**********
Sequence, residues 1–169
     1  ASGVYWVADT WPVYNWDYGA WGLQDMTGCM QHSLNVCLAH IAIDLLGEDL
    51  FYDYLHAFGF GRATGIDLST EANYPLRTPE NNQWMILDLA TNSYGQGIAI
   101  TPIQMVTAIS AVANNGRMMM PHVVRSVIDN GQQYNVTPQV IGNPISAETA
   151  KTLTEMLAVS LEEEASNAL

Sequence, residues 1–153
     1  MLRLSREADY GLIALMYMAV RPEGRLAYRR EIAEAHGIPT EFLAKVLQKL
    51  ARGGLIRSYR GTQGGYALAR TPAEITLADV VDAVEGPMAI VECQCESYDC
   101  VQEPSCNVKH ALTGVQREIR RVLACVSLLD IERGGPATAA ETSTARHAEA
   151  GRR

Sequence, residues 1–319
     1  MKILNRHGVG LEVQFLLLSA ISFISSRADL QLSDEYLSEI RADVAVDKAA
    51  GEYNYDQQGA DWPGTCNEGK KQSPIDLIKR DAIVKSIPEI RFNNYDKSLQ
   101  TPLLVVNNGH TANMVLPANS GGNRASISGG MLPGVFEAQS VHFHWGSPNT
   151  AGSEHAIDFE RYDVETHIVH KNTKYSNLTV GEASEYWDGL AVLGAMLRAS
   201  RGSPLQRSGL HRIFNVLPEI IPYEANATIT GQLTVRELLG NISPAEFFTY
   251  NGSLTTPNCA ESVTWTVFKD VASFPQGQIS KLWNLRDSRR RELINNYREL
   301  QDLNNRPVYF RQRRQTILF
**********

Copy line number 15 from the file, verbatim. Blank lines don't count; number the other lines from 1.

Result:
   151  AGSEHAIDFE RYDVETHIVH KNTKYSNLTV GEASEYWDGL AVLGAMLRAS